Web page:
04 February 2009

Thoughts on Military Usage of Web 2.0 Tools

Web 2.0 tools (blogs, wikis, RSS feeds, etc.) tend to have one thing in common: networking. From that aspect, it seems a perfect fit for the military intelligence community to utilize these tools as well. After all, the intelligence community is spread out across the world, large in numbers, may cover various military branches, and in need of methods of rapid information dissemination. This makes them perfect candidates for utilization of Web 2.0 tools save for one major issue: security.

There is an element of danger that accompanies the usage of these tools and it is magnified in the intelligence community. For instance, wikis are notoriously bad for providing misinformation because of the nature of how they are editable (http://www.insidehighered.com/news/2007/01/26/wiki). While it may have little impact that an 8th grader utilizes mininformation about Nolan Ryan gathered from Wikipedia.org in a report, mininformation in the intelligence community could have fatal ramifications. Information without verification is always dangerous and Web 2.0 tools only serve to speed the dissemination of mis-information (when present).

In addition, security concerns must abound over the usage of such tools in the intelligence community. For instance, it could be difficult to control who does/does not have write access to a military wiki, who has security clearance to see informaiton, and how much verification is required before others can act on information. Keeping others from hacking the information is also of great importance and cannot be overlooked.

Regardless of the detractors, the benefits of rapid information sharing and dissemination likely override the concerns and these tools play an important role in keeping the American populace somewhat safe.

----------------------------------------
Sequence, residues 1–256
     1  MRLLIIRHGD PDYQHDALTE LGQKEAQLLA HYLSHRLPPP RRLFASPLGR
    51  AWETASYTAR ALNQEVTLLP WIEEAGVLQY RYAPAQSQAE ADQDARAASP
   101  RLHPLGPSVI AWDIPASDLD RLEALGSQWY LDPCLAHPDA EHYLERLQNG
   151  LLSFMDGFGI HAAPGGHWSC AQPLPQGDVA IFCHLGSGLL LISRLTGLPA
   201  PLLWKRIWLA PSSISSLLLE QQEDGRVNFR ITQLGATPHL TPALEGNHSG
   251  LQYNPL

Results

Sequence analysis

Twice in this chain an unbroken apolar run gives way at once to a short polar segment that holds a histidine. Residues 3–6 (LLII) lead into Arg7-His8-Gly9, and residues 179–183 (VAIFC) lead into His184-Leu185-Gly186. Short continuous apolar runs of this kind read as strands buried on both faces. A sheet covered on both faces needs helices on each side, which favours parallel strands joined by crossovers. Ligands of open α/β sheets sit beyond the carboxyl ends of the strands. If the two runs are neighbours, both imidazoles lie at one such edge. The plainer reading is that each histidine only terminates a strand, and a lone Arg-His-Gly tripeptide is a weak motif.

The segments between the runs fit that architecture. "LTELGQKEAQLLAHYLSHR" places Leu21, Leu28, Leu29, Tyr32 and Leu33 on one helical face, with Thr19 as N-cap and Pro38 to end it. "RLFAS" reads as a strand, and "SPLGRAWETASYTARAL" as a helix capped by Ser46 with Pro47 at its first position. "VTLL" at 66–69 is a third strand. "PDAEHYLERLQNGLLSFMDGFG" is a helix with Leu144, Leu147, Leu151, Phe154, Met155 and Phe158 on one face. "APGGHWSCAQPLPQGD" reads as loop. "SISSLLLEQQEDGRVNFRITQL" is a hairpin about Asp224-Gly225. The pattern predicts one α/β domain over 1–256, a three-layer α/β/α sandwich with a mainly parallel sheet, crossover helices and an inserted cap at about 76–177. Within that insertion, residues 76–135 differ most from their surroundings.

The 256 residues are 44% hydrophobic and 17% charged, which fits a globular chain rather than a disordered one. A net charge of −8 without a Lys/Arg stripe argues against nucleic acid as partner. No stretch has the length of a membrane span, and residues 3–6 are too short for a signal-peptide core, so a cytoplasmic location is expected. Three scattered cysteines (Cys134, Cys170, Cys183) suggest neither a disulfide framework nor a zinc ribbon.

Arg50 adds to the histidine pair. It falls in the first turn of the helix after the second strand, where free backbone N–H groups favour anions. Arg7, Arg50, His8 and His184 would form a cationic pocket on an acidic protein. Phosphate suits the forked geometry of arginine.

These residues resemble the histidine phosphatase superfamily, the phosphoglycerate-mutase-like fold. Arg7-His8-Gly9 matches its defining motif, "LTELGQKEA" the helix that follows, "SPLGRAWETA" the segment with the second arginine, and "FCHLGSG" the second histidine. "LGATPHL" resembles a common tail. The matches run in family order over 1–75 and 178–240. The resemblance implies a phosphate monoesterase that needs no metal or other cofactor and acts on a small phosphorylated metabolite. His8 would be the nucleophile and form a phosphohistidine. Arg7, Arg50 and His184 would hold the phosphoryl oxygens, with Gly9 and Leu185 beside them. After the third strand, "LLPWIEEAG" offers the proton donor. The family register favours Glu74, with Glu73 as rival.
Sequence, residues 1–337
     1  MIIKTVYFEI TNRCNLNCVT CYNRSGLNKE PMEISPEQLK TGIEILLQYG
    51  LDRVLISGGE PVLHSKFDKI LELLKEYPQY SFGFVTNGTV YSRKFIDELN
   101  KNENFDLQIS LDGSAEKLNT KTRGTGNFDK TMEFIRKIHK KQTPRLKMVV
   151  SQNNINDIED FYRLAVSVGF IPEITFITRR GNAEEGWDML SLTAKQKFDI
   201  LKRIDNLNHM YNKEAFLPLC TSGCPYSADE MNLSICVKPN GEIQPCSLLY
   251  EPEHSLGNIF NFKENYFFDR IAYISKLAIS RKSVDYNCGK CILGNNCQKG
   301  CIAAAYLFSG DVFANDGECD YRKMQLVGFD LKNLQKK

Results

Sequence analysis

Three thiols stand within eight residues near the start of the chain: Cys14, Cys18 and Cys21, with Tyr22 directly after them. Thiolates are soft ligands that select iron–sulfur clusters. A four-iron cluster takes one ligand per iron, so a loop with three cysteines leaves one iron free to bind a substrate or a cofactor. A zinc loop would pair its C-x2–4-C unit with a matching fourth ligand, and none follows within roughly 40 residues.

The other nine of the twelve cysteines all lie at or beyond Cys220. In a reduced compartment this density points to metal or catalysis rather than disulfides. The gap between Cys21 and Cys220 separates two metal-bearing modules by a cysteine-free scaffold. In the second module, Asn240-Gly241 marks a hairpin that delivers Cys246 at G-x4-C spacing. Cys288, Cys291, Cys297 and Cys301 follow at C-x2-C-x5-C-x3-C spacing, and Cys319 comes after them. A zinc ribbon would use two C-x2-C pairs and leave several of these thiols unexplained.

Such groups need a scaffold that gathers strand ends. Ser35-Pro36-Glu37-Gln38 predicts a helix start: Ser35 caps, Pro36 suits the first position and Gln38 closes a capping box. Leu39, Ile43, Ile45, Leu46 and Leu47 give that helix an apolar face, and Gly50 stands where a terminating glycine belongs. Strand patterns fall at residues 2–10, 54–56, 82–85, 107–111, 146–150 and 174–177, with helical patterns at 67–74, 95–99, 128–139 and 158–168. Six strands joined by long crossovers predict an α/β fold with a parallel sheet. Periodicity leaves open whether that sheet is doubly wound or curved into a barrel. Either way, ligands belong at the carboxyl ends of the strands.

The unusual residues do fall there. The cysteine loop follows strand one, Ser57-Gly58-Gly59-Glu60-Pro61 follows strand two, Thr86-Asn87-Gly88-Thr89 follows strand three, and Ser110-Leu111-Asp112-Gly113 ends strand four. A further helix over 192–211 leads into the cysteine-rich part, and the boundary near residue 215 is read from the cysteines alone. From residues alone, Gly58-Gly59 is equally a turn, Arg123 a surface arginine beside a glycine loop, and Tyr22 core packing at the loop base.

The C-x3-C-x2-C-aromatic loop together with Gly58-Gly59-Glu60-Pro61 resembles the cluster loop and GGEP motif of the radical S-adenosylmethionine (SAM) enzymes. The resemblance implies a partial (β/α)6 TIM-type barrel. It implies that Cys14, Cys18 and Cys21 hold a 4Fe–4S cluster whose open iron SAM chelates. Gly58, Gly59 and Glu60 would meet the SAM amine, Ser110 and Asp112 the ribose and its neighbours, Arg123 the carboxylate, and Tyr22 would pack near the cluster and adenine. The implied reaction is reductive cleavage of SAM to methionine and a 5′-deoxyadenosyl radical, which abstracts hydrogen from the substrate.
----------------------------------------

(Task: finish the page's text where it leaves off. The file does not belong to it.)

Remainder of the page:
8 comments:

Seth said...

I agree that wikis are notoriously bad for providing misinformation because of the nature of how they are editable. Perhaps a counter move would be to post decoy wikis with misinformation to intentionally mislead the opposition. That would take some doing to keep ahead of what was valid versus invalid information.

juniorsenator said...

Go Longhorns! The intelligence community obviously evaluates its vulnerability levels, while using this information technology, and thus we can assume that they try to stay ahead of the curve. However, I think it's fair to also assume that there is not a way to absolutelu outrule a poosibilty of a major security breach that could jeorpardize the life on analysts and/or the nation!

Charanne said...

Reading the other blogs, it seems security is one of the main issues where we are all doubtful. As far as access to the military wikis, is there a way to limit the edit function. I'm sure there would be, but then you are also limiting the contributions that could be made. Doing this would be contrary to the true use of the technology. Just like it is up to readers of Wikipedia to verify information on the site, the intelligence community, one would assume, would do the same.

MELINDA FRANKS said...

I agree with you that despite the negatives that may exist, the benefits that come from utilizing web 2.0 tools make it worthwhile. There are plenty of ways that the military can take advantage of web 2.0 without putting security at risk. I have confidence that the DIA can come with measures that will assure that information won't be leaked into the wrong hands.

John Shefchik said...

You bring up a good point about covering various military branches. Sharing information can vastly improve intelligence across branch lines, but also cut down on the cost for intelligence gathering. Intelligence gathered by one branch can be easily shared via the use of Web 2.0 tools. The result could decrease fatalities and help reach objectives more quickly.

Essaid Elbou said...
This comment has been removed by the author.
Essaid Elbou said...

Intellipedia is one of the applications that use web 2.0 services that allows only authenticated users to gather and exchange top secrets information between intelligence agencies. I do agree that if the access is not controlled and not limited to secure users, wrong and false information would be used and catastrophic decisions would be taken by military management.

Anonymous said...

Great point about possible misinformation. When using web tools 2.0 gad information that is posted will have a compounded effect. When an e-mail has bad info it only effects the people on the e-mail. Using web tools it will be used by every person inside the wiki, blog, etc. It will be important to have someone auditing the information, but if that is necessary doesn’t it kind of defeat the purpose. Great post.

Jason Stauty